How Harry Brook became England’s new batter

Pauline Brook’s washing line is kept busy by her grandson Harry Brook. The garden, which overlooks Burley-in-Wharfdale Cricket Club, often has Brooke’s shirt hanging dry. Yorkshire, Northern Superchargers, Hobart Hurricanes, Lahore Qalandars. There is also an England Test shirt on the way.


“She likes to do my laundry,” says Brooke. “If she ever says she doesn’t like it, she’s lying.

“She’s been on vacation recently, so I might have some stinky kit.”

It was at Burleigh that Brook’s journey to becoming England’s men’s Test cap number 707 began.


Her late grandfather Tony, Pauline’s husband, was a club stalwart. Today there is a bench named after him on the ground. Tony’s sons – David, Richard, and Nick – all played. David is Harry’s father.

“Rain or shine, I was in the nets with my father, grandfather, and uncle,” says Brooke, who will bat at number five in the series-decider against South Africa at The Oval from Thursday. Hoye will make his Test debut.

The 23-year-old right-hander is every inch the modern batsman. Already a globe-trotting franchise star with four Twenty20 international caps to his name, he is also enjoying the best Red Ball summer of his life.

At an average of over 100, three of his seven first-class centuries have come this year. He was only denied a fourth as the 140 he made for the England Lions against the visiting South Africans was in a game that did not qualify as first-class because it involved more than 11 players per side.

An opener as a teenager, Brook swam with the aggression that characterized England’s new team. He has 360-degree attacking options and has a Kevin Pietersen touch about his batting.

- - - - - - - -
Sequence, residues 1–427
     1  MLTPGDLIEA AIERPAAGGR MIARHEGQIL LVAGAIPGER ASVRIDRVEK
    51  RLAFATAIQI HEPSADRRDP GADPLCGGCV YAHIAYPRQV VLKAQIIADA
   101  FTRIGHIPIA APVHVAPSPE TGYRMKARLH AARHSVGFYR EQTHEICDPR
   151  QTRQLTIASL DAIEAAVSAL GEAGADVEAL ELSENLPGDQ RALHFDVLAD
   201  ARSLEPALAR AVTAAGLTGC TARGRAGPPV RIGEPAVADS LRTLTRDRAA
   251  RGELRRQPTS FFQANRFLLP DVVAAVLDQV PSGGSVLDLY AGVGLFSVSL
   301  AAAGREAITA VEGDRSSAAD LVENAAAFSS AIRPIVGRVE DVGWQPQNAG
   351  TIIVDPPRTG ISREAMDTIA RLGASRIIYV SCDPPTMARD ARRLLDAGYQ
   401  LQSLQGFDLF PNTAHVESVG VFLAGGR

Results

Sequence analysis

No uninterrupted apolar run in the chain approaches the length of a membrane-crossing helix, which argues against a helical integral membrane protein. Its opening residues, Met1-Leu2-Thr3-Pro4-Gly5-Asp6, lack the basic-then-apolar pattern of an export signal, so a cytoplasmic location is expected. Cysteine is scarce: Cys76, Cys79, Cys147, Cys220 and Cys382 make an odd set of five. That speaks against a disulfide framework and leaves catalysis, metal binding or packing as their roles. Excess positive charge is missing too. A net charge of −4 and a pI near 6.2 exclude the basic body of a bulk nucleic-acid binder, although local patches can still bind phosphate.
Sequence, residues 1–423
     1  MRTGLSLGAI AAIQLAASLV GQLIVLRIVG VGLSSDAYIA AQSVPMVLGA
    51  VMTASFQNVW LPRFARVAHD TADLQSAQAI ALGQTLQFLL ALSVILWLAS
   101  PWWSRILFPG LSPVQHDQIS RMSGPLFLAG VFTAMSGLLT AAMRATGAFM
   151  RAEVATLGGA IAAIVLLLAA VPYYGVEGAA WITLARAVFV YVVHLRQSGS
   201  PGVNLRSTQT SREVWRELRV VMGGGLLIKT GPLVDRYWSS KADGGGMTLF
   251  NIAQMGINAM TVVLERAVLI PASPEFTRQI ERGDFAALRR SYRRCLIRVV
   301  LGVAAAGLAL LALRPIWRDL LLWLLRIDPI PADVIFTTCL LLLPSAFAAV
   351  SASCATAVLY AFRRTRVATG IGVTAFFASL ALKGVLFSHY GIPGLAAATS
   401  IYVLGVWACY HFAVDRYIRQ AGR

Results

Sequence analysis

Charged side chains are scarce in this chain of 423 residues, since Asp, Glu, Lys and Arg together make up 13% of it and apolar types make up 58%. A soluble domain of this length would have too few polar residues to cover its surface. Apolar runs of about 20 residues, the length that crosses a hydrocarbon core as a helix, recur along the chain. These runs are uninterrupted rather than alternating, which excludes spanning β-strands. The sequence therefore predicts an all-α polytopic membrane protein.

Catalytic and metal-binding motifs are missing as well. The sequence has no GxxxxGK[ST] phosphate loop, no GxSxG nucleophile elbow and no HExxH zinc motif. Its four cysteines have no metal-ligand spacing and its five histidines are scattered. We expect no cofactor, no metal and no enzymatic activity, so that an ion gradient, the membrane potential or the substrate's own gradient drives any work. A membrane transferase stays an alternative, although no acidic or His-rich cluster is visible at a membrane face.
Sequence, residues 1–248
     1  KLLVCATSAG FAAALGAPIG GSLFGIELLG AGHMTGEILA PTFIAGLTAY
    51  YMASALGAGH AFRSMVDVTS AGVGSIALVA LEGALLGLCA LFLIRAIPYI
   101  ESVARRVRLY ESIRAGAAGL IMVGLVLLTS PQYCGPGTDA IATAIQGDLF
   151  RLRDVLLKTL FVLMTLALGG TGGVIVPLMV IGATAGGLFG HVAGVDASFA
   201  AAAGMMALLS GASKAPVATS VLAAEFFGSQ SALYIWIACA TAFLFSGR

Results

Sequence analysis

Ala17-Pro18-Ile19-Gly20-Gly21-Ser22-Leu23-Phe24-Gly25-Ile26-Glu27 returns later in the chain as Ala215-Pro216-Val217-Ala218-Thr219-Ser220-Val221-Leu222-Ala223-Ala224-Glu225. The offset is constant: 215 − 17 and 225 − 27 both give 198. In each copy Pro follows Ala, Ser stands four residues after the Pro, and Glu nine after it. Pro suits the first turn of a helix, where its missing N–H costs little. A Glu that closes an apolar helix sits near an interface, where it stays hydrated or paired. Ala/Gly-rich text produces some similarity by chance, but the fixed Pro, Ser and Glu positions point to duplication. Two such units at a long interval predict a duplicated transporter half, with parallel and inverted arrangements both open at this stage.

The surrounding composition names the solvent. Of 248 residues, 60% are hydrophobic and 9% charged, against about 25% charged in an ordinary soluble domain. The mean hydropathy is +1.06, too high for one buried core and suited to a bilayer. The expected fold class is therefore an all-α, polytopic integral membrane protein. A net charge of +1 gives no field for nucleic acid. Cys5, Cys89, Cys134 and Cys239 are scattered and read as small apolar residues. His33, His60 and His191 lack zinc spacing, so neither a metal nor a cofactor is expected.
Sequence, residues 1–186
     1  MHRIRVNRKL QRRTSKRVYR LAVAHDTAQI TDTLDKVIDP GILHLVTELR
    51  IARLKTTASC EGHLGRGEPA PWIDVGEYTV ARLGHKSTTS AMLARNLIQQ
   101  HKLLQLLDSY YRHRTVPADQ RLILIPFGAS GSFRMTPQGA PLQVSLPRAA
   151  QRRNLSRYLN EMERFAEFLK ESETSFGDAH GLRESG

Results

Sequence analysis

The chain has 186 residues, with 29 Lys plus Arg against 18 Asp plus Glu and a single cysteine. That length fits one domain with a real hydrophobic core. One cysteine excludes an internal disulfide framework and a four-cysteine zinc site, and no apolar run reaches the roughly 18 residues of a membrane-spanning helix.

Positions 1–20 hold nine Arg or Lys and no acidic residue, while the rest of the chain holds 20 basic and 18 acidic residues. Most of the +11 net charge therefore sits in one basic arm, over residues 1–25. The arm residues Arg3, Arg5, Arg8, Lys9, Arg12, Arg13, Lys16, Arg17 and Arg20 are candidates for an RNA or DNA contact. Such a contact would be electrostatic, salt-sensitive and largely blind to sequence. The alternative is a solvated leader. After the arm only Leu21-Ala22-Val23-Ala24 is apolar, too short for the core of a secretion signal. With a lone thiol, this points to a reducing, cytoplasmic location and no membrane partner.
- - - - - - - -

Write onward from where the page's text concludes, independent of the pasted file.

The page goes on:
Back at Burley, Brock starts to strike out with the wrong bat.

“Young Harry Brock, two or three years old, held the bat with his bottom hand up and vice versa,” says Burleigh coach David Cooper.

“Despite that, he still hit the ball. He had great vision and hunger to hit balls.”

Brooke was scoring half-centuries in the men’s second and third teams at 13 and was playing in the first XI at the age of 14. By then he had secured a scholarship to the prestigious Sedbergh School in Cumbria, historically known for producing rugby internationals as well as a cricketing reputation.

At the time, Brooke, who admitted to carrying a few extra pounds as a teenager, vowed to go the extra mile to pursue a career in cricket.

“Before he went to Sedbergh, he was told he wouldn’t make a county cricketer because he couldn’t field. He was carrying a bit of extra weight,” says Cooper.

“So he put his mind to it. I looked over the fence one dark, wet evening and I saw him running up and down the field, then dropping to the ground for press-ups and sit-ups.”

Fitness continued at Sedbergh for two hours a week with an athletics coach, but it was under the tutelage of former Sussex and Durham wicketkeeper Martin Speight that Brook honed his batting skills.

“From the second day of the September term, every day from Monday to Friday I start at 6.20 am in the net,” says Speight. “He trained every single morning.

How Harry Brook became England's new batter